On 15 January 2009, the world witnessed the ‘Miracle on the Hudson’ when Captain ‘Sully’ Sullenberger glided his disabled plane onto the frigid waters of the Hudson River, saving the lives of all 155 aboard. However, even as Sully was being heralded by the public and the media for his unprecedented feat of aviation skill, an investigation was unfolding that threatened to destroy his reputation and career.
Even by the standards of a biopic about an incredibly famous man at the center of an incredibly famous real-life event there isn’t a ton of suspense in Sully. Everyone who was alive and conscious on January 15, 2009 remembers what happened that day, when Captain Chesley “Sully” Sullenberger safely landed US Airways Flight 1549 in the Hudson River after the plane was struck by birds during takeoff.(I certainly do; I’d just arrived at my condo for the Sundance Film Festival and watched the rescue efforts unfold on live television.)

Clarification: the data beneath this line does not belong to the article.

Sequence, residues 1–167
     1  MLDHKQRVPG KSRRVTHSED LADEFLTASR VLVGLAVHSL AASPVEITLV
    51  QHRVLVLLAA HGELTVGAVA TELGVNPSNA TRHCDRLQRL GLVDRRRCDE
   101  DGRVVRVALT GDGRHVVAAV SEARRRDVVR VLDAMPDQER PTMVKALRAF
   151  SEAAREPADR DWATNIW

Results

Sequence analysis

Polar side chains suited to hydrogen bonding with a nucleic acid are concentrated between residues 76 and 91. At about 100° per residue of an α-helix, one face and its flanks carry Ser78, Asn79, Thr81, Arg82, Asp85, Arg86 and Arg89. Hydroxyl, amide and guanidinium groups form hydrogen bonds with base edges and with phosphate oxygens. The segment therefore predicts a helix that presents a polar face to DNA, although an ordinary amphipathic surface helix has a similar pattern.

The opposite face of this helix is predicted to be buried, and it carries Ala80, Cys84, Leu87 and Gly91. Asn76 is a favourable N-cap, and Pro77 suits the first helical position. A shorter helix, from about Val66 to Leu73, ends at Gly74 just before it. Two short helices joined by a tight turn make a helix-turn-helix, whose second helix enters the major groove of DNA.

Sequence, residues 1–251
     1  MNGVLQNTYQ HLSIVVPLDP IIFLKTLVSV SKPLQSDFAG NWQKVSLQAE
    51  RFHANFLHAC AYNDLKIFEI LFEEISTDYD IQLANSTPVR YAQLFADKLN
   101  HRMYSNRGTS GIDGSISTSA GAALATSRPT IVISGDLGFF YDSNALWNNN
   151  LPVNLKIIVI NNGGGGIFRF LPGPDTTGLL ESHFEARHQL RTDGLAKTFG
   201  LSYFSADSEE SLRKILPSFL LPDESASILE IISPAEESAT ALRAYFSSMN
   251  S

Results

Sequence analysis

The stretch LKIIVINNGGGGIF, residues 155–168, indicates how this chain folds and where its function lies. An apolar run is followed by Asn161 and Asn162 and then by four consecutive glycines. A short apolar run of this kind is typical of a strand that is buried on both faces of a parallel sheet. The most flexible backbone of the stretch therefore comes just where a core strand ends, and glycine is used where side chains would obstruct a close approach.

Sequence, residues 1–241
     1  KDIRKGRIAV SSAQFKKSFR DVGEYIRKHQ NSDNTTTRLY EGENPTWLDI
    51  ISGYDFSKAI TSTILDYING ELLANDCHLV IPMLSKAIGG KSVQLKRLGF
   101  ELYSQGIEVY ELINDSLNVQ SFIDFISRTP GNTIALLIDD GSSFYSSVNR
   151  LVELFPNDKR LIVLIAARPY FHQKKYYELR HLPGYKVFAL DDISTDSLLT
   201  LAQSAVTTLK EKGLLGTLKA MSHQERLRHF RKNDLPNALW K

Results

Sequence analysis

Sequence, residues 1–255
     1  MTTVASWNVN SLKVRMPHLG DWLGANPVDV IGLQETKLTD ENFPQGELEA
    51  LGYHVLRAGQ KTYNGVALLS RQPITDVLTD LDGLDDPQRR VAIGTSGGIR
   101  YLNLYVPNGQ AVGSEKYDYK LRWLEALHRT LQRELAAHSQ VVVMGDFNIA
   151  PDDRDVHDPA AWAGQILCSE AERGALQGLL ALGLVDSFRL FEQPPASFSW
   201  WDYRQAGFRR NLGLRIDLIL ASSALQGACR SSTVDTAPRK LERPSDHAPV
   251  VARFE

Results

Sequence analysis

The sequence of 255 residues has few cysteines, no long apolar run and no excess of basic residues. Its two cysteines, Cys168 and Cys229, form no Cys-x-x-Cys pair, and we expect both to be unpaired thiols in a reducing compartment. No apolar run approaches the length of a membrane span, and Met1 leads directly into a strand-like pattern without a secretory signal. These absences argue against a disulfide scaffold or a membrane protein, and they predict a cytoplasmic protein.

Sully the man was almost immediately hailed as a hero, but Sully the movie focuses primarily on the National Transportation Safety Board investigation into whether his decisions during the crisis were justified. (SPOILER ALERT: They were.) As such, Sully’s character arc over the course of the film is basically “Self-effacing guy is told repeatedly he’s a hero until he finally believes it.” And because the entire incident from bird strike to crash landing took just 208 seconds (plus the all-important minutes spent evacuating the plane), there’s barely enough excitement for one modern action sequence, much less an entire 90-minute film. The whole reason why Sully and Flight 1549 are so famous is because no one died. So we’ve got a film about a good man who did a good thing and everyone was okay. Not exactly a nail-biter.